While the Emblems bring a lot of nuance and experimentation to the combat, they are all one-dimensional characters off the battlefield. Apart from Marth, the Emblems don’t add anything substantial to the overall narrative. Occasionally, they’ll pop in for a cutscene to deliver a line or two when you first meet, but after that they are relegated to truncated, soulless bond conversations and paralogues that act as straightforward loyalty missions.
There’s a paralogue for each of the Emblem Rings, and the setup for all of them is nearly identical. You show up to a place that looks familiar to the Emblem’s home world, the Emblem asks you to prove yourself in combat, and then you fight. While some of the battles themselves are interesting, the setups for these paralogues never are. These missions could have been the perfect opportunity to revisit and expand on fan-favorite characters like Lucina and Lyn, or give more personality to the player characters from past games like Corrin and Byleth. At the very least, I was hoping Engage might be a good introduction to characters that never made it to the West, like Sigurd and Leif, but that wasn’t the case.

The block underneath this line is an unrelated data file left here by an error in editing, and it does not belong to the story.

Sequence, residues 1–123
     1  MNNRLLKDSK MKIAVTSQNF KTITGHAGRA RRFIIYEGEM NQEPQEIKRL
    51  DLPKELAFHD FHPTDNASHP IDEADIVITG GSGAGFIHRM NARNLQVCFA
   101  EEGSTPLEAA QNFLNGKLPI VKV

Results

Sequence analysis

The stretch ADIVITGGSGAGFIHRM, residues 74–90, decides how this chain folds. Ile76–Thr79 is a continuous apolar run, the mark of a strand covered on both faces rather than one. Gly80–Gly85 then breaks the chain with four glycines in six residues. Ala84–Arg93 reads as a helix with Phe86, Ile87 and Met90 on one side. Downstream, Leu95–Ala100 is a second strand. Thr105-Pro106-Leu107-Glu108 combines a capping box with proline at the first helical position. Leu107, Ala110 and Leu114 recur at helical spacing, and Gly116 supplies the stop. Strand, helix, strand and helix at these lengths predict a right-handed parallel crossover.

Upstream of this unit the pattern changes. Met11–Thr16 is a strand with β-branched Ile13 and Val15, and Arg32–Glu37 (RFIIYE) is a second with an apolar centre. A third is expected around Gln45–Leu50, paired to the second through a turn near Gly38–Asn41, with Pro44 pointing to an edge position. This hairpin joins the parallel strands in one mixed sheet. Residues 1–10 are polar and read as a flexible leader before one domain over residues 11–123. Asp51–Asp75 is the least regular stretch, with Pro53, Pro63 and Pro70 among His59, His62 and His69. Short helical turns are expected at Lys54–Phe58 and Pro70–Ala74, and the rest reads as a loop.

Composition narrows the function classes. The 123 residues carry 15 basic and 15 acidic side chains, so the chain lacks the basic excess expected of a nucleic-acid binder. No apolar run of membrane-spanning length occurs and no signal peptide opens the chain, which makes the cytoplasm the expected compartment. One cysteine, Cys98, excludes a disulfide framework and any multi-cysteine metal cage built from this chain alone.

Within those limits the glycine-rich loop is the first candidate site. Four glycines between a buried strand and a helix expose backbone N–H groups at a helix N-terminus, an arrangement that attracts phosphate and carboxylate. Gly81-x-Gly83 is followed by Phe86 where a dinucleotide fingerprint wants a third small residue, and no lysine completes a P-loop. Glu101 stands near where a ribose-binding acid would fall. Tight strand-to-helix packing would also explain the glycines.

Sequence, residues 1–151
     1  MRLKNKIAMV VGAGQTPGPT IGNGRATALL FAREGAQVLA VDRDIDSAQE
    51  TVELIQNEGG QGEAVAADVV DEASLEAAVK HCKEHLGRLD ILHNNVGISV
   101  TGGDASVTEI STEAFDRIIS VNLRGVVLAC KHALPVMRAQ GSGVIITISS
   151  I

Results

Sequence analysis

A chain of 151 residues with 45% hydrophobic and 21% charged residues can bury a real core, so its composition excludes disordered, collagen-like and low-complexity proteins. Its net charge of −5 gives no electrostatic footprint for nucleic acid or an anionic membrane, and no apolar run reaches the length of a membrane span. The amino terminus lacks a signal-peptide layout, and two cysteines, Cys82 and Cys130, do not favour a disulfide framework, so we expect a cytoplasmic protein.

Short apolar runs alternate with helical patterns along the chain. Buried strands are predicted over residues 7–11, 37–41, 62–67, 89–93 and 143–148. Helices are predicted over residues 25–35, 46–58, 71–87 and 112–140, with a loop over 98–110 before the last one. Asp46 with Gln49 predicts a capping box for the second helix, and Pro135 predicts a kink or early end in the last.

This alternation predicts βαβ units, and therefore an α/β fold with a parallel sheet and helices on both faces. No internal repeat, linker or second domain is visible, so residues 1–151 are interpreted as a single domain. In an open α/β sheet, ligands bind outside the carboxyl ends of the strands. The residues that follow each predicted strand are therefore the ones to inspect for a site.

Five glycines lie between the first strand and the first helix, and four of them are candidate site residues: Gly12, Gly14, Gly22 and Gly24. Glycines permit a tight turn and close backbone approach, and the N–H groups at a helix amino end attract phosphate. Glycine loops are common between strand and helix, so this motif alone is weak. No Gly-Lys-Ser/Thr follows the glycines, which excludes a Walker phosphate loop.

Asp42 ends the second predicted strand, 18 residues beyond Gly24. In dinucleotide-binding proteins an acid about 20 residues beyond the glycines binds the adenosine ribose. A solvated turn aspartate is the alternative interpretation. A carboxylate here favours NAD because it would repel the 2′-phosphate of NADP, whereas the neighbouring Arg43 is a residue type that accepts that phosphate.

Fire Emblem Engage feels like an attempt to leverage the series’ rich history and huge cast of beloved characters, but outside of some clever combat quirks that reference the older games, the Emblem characters are paper-thin. A handful of them also serve as a sobering reminder that a portion of Fire Emblem’s history is still inaccessible in the West.
Fortunately, the cast outside of the Emblem Rings is solid. Like previous games, most of the characterization is done through short vignettes called support conversations. They can be funny, quirky, and occasionally deep when they explore a character’s internal or external conflicts. They’re not all good, and some follow common JRPG tropes a little too closely, but in most cases it’s a joy to watch these characters interact with each other.